The exhibition strikingly brings together for the first time German expressionist masterpieces by Lovis Corinth and Max Beckmann and Ludwig Kirchner’s painting Selbstbildnis als Soldat (Self-portrait as a Soldier) with Harold Gillies’ rarely shown photographs of facially injured soldiers from the Royal College of Surgeons.
Showing how World War I was depicted and reported with a degree of visual detail unprecedented in the history of conflict, the exhibition includes photography and film as well as formal portraits. Rather than presenting a military history of the war, the gallery aims to focus on its human aspect, concentrating on the way the Great War was represented through portraits of those involved, an approach never previously adopted.
“The Great War in Portraits” takes an international perspective. As well as iconic portraits of Siegfried Sassoon, Wilfred Owen and Winston Churchill, the exhibition reflects the war experience of those from all social classes who served from throughout the Commonwealth.
Highlights also include Jacob Epstein’s The Rock Drill, one of the great early modernist works related to the War; a contrasted pairing of British and German films devoted to the Battle of the Somme never previously seen together; and a rare photograph by Jules Gervais Courtellemont depicting a deserted, battle-scarred landscape. The only work in the exhibition not to depict people, this poignant image is, in effect, a portrait of absence.
Starting with the eve of war, the exhibition includes imposing formal portraits of the heads of state of the participating nations, evoking those countries that would be drawn into the conflict in 1914. Such grand images are brought into sharp contrast with an understated press photograph of a pathetic-looking Gavrilo Princip, the 19-year-old student whose opportunistic assassination of Archduke Franz Ferdinand, on June 28, 1914 precipitated the war.
“The Great War in Portraits” shows how, following the declarations of war throughout Europe, power devolved from the heads of state to the military leaders of each country. Power-portraits of Haig, Blumer, Foch, Hindenburg and others, are contrasted with portraits of the “followers,” by Sickert, Orpen and other war artists.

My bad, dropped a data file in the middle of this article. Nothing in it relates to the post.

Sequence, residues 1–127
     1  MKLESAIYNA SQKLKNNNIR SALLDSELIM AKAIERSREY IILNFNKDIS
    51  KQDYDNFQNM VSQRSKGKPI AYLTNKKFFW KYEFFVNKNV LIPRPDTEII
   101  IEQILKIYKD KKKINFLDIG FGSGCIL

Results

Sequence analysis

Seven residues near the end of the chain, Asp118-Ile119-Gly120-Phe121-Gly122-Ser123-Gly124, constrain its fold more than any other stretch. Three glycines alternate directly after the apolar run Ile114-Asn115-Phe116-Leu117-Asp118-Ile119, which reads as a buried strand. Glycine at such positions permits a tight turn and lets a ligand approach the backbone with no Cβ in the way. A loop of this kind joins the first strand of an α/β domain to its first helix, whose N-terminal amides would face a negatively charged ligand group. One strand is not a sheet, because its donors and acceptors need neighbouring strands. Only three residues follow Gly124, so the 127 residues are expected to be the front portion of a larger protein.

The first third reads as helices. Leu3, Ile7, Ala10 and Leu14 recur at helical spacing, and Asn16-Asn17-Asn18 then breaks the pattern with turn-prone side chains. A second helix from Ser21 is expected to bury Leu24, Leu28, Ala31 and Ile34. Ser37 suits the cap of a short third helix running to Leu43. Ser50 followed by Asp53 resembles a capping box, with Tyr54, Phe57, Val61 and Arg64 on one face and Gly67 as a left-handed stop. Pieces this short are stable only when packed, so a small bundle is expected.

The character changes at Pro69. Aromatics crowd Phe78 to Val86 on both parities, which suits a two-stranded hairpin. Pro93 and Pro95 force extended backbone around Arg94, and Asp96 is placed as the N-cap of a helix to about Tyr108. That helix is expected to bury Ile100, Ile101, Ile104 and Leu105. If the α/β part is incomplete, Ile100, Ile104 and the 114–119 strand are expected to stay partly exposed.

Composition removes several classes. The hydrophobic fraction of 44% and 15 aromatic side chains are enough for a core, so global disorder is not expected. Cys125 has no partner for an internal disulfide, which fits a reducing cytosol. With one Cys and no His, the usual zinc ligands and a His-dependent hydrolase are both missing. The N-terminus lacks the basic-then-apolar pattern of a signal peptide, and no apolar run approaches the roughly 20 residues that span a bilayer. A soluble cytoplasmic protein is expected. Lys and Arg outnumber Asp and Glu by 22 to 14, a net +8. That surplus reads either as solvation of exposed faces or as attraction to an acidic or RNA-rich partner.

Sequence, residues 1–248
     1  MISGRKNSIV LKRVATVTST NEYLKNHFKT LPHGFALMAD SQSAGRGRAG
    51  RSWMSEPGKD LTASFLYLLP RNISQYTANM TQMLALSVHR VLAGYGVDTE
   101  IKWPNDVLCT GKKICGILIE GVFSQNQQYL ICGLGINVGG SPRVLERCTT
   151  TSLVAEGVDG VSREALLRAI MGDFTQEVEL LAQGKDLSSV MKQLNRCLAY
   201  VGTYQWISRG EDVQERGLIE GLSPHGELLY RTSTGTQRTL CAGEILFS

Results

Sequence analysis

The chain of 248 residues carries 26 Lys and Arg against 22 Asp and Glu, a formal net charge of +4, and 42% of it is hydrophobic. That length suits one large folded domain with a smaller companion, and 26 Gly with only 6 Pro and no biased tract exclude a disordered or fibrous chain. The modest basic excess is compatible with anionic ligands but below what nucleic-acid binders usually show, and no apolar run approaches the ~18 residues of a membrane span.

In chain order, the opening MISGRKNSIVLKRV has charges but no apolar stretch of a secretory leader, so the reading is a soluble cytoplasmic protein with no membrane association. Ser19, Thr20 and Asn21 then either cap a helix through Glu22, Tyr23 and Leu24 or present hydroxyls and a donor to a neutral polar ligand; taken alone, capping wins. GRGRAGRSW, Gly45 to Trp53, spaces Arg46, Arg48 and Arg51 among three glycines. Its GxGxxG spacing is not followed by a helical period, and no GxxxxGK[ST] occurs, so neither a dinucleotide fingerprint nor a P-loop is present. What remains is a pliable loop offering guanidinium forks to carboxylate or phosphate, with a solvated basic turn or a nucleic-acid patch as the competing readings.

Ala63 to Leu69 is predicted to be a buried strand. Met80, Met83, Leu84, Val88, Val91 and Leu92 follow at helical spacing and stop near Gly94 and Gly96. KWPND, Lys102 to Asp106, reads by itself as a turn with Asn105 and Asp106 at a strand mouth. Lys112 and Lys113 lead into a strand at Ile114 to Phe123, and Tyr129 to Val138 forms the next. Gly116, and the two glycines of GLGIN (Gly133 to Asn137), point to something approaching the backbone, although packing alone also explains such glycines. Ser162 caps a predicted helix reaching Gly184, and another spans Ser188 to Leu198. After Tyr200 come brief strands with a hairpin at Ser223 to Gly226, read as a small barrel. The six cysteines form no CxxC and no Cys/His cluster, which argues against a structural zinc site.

In the central section titled “The Valiant and the Damned,” portraits of Victoria Cross holders, medal-winners, heroes and aces are shown juxtaposed with depictions of those whose lives were marked in different ways: casualties, those disfigured by wounds, prisoners of war, and those shot at dawn for cowardice. The idealized language of formal portraits, used as celebration and eulogy, is brought into violent discord with those images, such as notably a selection of Henry Tonks’s pastels of servicemen grotesquely disfigured by wounds, that reveal individual suffering and the human cost of war.
An installation of 40 photographs in a regular grid formation presents a range of protagonists from medal winners and heroes to the dead and the executed, interspersed with artists, poets, memoirists and images representing the roles played by women, the home front and the Commonwealth.
Key loans have been secured from Imperial War Museums, Tate, Städtische Galerie im Lenbachhaus und Kunstbau, Munich, Allen Memorial Art Museum, the Royal Airforce Museum, Hendon, Oberlin College, Ohio, The Fitzwilliam Museum, Cambridge and the Scottish National Gallery of Modern Art.
The exhibition and the Gallery’s First World War activities are part of First World War Centenary, the national partnership of commemorative events www.1914.org .
ADDITIONAL IMAGES OF NOTE